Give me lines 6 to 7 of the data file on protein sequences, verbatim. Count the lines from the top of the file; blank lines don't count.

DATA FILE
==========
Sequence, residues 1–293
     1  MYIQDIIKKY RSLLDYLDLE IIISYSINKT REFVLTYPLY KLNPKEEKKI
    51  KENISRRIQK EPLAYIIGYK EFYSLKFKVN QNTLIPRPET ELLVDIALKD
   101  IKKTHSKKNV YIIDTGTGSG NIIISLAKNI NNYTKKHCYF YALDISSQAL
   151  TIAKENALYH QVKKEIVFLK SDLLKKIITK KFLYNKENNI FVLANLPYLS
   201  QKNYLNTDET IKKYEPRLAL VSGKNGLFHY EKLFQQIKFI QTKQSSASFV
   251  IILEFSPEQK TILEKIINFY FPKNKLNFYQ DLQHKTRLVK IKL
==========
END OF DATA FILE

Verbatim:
   201  QKNYLNTDET IKKYEPRLAL VSGKNGLFHY EKLFQQIKFI QTKQSSASFV
   251  IILEFSPEQK TILEKIINFY FPKNKLNFYQ DLQHKTRLVK IKL